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Introducing the CursorAdapter Class : Page 7

One of the most exciting new features of Visual FoxPro 8 is the CursorAdapter class, which provides a common interface for working with data from many different sources. Chuck takes you with him on an adventure in exploring how to use CursorAdapter to change the way you relate to data in VFP 8, whether native tables, ODBC, OLE DB, or XML.


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CursorAdapter with XML
Last, but not least, let's build a CursorAdapter that uses XML as its data source. This scenario is interesting, since an XML document doesn't normally act as a data source. Also, the CursorAdapter does not automatically build SQL Update, Insert or Delete statements when the data source is set to XML. Therefore, this type of CursorAdapter will require the most coding to retrieve and update data.

In this example, I will use the SQLXML feature of SQL Server 2000 to provide an XML document. Also, since SQLXML supports updating via XML, we'll take the time to write the necessary code to perform updates. This assumes that you have configured SQLXML to allow HTTP data access to the Northwind database, and that you are allowing updates to the database with UpdateGrams.

In my case, I have set up IIS to use a virtual directory called "nwind" for HTTP access. Therefore, all of my examples will contain URLs that reference

   http://localhost/nwind 
to access SQLXML via IIS.

Let's start by creating a new program called caXML.prg with the following basic class definition:

   PUBLIC oCAXML as CursorAdapter 
   SET MULTILOCKS ON && need for table buffering
   oCAXML = CREATEOBJECT('xcXML')
   BROWSE NOWAIT 
   DEFINE CLASS xcXML AS CursorAdapter
     DataSourceType = "XML"
     Alias = "xmlCursor"
     UpdateCmdDataSourceType = "XML"
     InsertCmdDataSourceType = "XML"
     DeleteCmdDataSourceType = "XML"
     BufferModeOverride = 5 
     *custom properties
     oXMLHTTP = NULL 
     oXMLDOM = NULL 
     cServer = "localhost"
     cVDir = "nwind"
   ENDDEFINE 
Beyond the common DataSourceType and Alias property settings, this is the first time we've seen the xxxCmdDataSourceType properties. Since this is an XML-based CursorAdapter, these properties are not optional if you want it to be updatable. The custom properties oXMLHTTP and oXMLDOM become object references used throughout the class, and will be detailed below.

Retrieving XML Data
Before thinking about the updatability of the CursorAdapter, let's concentrate on retrieving a document from the SQLXML server. First, since a simple Select command will not work, we have to establish a custom SelectCmd. This is easily done in the Init method, where we will also invoke the CursorFill method, as follows:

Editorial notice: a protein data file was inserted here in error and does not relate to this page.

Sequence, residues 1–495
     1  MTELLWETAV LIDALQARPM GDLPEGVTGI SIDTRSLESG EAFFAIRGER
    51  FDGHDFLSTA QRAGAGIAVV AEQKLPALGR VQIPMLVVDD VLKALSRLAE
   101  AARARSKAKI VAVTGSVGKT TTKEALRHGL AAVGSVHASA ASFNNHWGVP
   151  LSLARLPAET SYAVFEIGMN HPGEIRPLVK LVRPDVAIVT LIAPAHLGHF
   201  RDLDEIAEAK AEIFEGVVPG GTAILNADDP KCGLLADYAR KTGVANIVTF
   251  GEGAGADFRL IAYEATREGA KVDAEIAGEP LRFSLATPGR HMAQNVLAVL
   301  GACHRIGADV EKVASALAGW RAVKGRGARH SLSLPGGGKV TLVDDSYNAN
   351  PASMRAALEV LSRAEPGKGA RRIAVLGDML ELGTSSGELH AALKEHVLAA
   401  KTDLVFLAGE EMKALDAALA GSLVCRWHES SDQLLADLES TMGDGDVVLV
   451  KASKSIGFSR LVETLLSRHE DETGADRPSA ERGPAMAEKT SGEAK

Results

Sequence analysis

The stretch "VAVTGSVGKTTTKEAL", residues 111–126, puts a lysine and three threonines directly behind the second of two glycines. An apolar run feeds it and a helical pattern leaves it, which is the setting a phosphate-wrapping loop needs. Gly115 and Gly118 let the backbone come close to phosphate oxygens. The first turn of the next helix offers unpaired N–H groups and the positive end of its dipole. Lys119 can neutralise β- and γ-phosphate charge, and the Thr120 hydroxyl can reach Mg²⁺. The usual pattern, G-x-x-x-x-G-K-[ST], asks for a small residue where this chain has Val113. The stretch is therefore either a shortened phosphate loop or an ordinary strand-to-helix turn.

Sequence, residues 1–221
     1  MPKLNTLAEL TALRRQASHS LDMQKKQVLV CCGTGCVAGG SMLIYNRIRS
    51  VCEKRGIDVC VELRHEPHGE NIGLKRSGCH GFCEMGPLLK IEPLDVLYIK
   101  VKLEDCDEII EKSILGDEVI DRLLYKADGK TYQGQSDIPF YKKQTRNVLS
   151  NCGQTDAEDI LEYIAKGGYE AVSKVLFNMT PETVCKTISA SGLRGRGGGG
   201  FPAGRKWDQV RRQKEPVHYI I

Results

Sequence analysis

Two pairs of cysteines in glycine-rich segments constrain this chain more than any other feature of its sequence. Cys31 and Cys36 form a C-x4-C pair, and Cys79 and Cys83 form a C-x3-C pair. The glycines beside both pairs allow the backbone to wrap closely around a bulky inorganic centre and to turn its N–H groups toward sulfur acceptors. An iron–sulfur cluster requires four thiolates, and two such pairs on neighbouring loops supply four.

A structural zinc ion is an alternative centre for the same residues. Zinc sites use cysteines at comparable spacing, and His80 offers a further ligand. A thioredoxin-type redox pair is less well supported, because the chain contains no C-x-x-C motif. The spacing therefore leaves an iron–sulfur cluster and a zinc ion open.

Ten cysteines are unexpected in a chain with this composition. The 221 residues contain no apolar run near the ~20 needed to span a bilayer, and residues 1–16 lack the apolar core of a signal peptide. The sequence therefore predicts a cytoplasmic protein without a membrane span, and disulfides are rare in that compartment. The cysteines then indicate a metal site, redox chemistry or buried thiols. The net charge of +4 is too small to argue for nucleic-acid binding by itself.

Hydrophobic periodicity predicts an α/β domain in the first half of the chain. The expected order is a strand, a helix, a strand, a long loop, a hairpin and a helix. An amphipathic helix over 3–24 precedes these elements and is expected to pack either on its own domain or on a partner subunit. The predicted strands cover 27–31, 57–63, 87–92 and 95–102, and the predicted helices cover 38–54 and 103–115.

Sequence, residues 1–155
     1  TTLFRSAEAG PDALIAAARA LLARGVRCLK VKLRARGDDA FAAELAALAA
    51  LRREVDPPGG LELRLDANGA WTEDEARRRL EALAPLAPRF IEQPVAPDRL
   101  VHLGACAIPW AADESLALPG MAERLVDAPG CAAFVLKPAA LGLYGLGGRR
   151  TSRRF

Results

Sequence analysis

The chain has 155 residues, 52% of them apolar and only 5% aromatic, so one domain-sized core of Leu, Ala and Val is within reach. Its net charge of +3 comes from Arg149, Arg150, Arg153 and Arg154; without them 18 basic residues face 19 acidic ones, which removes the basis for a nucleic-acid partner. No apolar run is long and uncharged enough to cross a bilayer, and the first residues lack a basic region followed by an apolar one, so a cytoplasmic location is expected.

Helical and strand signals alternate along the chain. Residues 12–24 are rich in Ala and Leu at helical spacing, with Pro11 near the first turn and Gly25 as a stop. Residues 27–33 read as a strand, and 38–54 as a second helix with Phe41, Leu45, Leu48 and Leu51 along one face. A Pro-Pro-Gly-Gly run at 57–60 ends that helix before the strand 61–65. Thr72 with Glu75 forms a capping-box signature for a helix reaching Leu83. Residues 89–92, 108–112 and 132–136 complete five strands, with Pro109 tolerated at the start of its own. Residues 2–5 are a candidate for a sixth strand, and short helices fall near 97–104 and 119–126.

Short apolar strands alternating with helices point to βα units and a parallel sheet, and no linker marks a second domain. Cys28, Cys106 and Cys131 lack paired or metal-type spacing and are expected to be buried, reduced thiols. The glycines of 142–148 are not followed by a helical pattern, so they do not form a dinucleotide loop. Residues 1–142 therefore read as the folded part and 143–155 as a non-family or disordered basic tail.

FUNCTION INIT() as Boolean 
     LOCAL llRetVal, lcMsg, laErr[1]
     this.SelectCmd = "this.GetXml()"
     llRetVal = THIS.CursorFill()
     IF NOT llRetVal THEN 
       AERROR(laErr)
       lcMsg = "Cursor was not filled!" 
       IF NOT EMPTY(laErr[2]) THEN 
         lcMsg = lcMsg + CHR(13) + laErr[2]
       ENDIF 
       MESSAGEBOX(lcMsg,16,"XMLCursorAdapter Test")
     ENDIF 
     RETURN llRetVal 
   ENDFUNC  
This code establishes the SelectCmd as a local method instead of a SQL Select command. While this hasn't been done in the previous examples, this is perfectly legal for any CursorAdapter class, regardless of the type. However, when you use a local method as the SelectCmd, you will have to also provide custom code for your Update, Insert and Delete commands, since VFP won't be able to automatically handle something that is not a SQL Select command.

When we invoke CursorFill in the Init(), the GetXML method is called. With the data source set to XML, the GetXML method must return a valid XML document that contains only a single table. If it contains multiple tables, you will get unexpected results. The GetXML method is shown in Listing 4.

GetXML starts by getting a reference to an MSXML2.XMLHTTP COM object. This object handles all of the communication across HTTP, including sending the queries to the server and retrieving the results. As you can see, the instantiation of the oXMLHTTP object is controlled via the provided Access method, designed to prevent the constant creation and destruction of this COM server.

Next, you can see our typical Select statement, except that the LIKE clause is a little different. HTTP requires that we "escape" the percent sign with the hex value of the character, forcing us to expand it to "%25". This value will be "collapsed" to the single percent sign character before SQL Server receives the query.

After that, the code sets up the URL with the specified query and sends the URL to SQL Server via HTTP. SQL Server receives the query, processes it, and returns the result as XML because we've included the FOR XML clause on the query. The root element of the XML document is named "results" in this example. As you can see from the query string, this is configurable to your liking.

At this point, lcRetXML contains an XML stream from the SQL Server. Since the GetXML method was invoked by VFP as the SelectCmd, you can simply return the contents of this variable from the GetXML method and VFP will convert the stream into a VFP cursor. You can test this by executing the caXML program. A browse window should appear with the contents of the returned XML document. Feel free to use the debugger to step through the GetXML method so you can see the XML document in the lcRetXML variable before it is converted to a VFP cursor and discarded.



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